New Directors/New Films 2017: 6 Must-See Selections
The 46th edition of the Film Society of Lincoln Center and Museum of Modern Art's New Directors/New Films Festival screens from March 15 through 26. As always, it's an eclectic international showcase of interesting new talents and approaches to cinematic expression.
In the gallery below are my picks of particular highlights of this year's selection. For more information, visit the festival's website.
PATTI CAKE$ (Geremy Jasper) *OPENING NIGHT FILM
This infectiously fun, rousing hip-hop tale from straight outta New Jersey overcomes its utterly predictable and overly familiar narrative arcs with its endless energy, brash brio, and the star-making central turn by Aussie emigre Danielle Macdonald as its title heroine.
Patricia Dombrowski, aka Killa P, aka Patti Cake$, save for her cultivated hip-hop lingo and swagger, could be a character out of a song by fellow Jersey native Bruce Springsteen (who is heard on the soundtrack, natch). She's counting on her dreams and her rhyme skills to get her out of her dead-end, wage slave existence in the middle of Garden State nowheresville. And she's determined not to let the fact that she's a plus-sized white girl (nicknamed "Dumbo" by neighborhood jerks) get in the way of her ambitions. However, there are mountains of obstacles in her way, not the least of which are her own mother (New York cabaret icon Bridget Everett), who drinks away most of the wages Patti brings home and bitterly mocks her daughter's life goals. But with the help of her pharmacist buddy Hareesh (Siddarth Dhananjay), a black death-metal rocker named Basterd (Mamoudou Athie), and her ailing grandma (Cathy Moriarty), Patti lays down some killer tracks that she hopes will launch her out of her hellhole.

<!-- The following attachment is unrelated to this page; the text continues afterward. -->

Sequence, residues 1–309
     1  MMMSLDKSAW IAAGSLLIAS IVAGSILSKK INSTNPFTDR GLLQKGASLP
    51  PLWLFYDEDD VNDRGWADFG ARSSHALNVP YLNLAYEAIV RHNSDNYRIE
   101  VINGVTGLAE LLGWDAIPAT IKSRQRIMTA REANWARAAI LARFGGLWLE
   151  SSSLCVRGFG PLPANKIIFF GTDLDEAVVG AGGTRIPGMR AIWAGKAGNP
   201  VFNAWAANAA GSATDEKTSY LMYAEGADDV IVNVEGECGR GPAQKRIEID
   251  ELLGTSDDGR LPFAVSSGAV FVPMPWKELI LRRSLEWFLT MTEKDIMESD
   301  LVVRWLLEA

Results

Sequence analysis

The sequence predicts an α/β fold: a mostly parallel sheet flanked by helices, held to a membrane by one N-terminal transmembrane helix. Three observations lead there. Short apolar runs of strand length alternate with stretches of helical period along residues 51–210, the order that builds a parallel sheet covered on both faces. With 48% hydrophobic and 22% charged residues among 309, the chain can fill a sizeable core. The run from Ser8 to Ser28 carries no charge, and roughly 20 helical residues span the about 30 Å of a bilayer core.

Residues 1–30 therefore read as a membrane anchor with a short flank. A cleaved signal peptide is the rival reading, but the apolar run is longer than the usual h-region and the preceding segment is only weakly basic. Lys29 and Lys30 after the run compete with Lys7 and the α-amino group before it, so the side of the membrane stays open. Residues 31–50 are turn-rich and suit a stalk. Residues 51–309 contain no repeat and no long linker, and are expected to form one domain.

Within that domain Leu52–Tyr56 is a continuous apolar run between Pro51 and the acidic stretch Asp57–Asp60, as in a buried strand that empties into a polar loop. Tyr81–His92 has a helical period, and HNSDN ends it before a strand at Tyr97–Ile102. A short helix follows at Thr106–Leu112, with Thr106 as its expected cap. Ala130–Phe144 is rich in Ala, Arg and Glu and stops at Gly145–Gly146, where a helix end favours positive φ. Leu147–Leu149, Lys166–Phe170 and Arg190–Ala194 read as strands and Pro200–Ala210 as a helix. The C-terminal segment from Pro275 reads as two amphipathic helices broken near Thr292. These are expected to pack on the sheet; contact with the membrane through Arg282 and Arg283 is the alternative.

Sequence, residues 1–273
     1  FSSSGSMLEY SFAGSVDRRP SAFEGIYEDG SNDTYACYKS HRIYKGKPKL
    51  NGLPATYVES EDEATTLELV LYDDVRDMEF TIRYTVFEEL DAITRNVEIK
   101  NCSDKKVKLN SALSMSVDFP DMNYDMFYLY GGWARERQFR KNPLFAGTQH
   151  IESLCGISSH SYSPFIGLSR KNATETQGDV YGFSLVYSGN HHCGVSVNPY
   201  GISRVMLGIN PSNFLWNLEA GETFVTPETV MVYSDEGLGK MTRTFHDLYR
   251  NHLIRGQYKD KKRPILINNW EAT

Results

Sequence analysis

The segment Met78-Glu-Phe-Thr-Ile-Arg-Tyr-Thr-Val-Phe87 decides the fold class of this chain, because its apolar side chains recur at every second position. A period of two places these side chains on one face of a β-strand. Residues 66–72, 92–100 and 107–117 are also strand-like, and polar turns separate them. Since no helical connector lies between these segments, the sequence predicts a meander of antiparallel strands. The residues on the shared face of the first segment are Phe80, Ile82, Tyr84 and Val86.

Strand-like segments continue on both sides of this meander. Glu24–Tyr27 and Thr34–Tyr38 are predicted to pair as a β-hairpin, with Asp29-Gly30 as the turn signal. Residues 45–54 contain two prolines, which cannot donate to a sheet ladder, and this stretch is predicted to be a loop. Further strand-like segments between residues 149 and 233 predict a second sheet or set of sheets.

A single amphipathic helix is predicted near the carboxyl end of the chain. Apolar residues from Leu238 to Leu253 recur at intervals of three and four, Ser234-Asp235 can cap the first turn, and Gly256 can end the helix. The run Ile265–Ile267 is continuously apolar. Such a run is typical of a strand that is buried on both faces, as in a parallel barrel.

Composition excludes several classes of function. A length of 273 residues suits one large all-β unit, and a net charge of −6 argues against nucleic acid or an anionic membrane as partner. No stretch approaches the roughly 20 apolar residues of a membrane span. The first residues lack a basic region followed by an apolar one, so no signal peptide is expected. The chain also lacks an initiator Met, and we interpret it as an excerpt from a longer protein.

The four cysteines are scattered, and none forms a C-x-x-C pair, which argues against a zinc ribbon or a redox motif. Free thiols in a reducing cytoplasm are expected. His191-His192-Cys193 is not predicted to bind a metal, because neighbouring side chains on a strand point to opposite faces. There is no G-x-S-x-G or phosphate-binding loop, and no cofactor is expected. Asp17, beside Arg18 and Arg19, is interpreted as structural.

Jasper, an erstwhile musician and music video director, puts the skills he learned at those other trades to fully effective use, injecting more than a little autobiography in his film and a keen empathy for the marginalized, downtrodden misfits mocked and disrespected by society. In this way, Jasper avoids making his film yet another indie coming-of-age movie cliche, and proves himself to be a filmmaker well worth watching in the future.